Activity Based Costing (ABC) addresses internal operating concerns and is an augmentation to the traditional cost management system. It is not a replacement for traditional accounting, but makes use of the source documents provided from standard job costing systems. ABC looks at a business unit’s events as cost drivers and assigns all company resources and accumulated costs against those events in a time-phased sequence. Revenue tracking provides management with a different point of view on the profitability of products and services, providing insight into pricing. Middle management and technical performing organizations are involved in the line item reporting provided within the ABC system, enabling management to achieve more responsibility of reported information throughout all levels of the organization. ABC is being ostensible by the accounting industry as the wave of the future and is gaining broad acceptance within larger organizations. This system is intended to provide performing entities and management alike.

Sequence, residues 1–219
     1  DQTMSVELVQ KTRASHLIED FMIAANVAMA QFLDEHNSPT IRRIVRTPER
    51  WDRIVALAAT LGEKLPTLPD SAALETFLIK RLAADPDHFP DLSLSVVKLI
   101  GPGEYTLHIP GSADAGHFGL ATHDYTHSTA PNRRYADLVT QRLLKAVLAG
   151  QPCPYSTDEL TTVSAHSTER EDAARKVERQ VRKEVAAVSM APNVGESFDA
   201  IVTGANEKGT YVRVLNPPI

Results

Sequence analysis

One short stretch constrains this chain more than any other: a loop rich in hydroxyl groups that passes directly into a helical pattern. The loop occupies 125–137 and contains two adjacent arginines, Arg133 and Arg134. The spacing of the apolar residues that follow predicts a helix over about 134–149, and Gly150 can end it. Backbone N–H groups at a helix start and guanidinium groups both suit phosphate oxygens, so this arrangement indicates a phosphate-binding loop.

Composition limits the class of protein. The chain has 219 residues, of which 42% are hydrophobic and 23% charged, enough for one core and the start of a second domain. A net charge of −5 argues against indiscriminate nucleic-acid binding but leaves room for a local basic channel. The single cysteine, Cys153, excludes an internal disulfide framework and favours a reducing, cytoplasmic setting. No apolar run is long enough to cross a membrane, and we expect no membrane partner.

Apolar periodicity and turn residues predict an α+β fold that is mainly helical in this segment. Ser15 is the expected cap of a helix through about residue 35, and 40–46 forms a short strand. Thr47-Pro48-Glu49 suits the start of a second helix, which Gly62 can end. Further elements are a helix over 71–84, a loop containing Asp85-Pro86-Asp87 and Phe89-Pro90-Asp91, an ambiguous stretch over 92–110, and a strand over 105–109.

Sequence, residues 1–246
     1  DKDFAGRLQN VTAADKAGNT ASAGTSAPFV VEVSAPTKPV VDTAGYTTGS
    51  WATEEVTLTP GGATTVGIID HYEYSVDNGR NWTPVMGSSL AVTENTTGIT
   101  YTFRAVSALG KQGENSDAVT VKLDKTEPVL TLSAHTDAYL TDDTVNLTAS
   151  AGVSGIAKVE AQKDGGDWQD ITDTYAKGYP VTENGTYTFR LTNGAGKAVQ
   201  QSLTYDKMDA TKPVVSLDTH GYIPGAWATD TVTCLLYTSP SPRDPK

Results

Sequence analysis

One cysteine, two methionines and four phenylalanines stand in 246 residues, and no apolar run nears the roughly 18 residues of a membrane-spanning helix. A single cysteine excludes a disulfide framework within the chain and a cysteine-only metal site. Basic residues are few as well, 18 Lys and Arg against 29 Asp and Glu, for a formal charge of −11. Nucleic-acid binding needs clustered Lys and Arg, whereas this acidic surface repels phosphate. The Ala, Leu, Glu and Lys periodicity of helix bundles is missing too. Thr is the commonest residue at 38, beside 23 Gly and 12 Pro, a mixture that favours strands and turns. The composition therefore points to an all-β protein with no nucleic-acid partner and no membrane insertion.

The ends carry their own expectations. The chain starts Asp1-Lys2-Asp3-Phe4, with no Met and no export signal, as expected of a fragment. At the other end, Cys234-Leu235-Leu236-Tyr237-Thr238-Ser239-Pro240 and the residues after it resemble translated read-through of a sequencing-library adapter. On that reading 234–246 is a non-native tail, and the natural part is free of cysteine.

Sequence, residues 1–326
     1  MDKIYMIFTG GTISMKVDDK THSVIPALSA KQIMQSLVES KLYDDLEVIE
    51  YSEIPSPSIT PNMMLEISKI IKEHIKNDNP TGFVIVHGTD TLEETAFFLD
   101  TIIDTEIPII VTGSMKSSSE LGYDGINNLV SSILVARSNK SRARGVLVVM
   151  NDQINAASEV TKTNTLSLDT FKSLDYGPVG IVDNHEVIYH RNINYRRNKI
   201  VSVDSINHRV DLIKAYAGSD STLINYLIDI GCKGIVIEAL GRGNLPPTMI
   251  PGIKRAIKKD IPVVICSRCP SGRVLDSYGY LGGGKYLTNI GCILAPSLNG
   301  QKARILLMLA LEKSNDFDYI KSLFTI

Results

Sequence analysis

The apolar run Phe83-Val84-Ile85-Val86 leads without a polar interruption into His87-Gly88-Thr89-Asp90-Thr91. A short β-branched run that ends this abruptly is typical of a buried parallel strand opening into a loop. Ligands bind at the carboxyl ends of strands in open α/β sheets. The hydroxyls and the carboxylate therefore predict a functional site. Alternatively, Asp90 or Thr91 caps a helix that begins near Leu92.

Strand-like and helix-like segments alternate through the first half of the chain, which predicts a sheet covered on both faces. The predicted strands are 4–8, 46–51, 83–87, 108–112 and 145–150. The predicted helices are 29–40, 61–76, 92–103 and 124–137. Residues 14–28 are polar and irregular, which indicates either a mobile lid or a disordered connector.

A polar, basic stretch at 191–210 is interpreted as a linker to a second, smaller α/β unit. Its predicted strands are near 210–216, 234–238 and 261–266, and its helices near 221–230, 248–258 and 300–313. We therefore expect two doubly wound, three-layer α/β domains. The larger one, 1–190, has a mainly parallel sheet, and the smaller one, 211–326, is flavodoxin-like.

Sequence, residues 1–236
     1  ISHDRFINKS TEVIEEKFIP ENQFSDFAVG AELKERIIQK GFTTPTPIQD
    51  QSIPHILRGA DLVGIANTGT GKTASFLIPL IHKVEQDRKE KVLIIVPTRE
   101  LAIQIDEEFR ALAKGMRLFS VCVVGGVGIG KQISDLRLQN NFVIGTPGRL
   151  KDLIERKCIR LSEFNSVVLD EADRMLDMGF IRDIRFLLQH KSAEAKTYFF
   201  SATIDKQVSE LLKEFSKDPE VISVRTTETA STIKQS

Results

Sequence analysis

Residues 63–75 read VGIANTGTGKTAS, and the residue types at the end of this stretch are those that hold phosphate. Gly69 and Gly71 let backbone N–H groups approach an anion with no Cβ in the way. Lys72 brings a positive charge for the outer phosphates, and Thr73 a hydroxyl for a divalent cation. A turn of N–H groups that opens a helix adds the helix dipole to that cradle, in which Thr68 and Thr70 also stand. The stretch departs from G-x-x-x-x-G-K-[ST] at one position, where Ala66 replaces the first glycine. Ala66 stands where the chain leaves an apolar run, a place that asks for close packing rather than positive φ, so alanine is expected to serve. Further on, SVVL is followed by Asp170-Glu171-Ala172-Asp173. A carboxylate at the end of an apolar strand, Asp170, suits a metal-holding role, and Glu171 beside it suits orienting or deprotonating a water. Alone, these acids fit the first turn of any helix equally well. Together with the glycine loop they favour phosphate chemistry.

History of ABC
Activity Based Costing (ABC) is an approach to costing that considers the resources consumed by activities in order to create and deliver a product or service. It evolved in the mid-1980s to improve the allocation of manufacturing overhead costs to products, but it soon became apparent that activity-based costing systems could be expanded to include non-manufacturing costs (Langfield-Smith, Thorne & Hilton, 2004).
Review of ABC
Whereas the underlying assumption of a conventional costing system is simply that products cause costs, an activity based costing system assumes that cost objects (e.g. juice) creates the demand for activities (e.g. manufacturing), which in turn causes resources to be consumed (e.g. manufacturing time, outlet space, etc.) and causes costs. Cost objects are the reason for performing activities, and activities are the processes or procedures that cause work and create costs.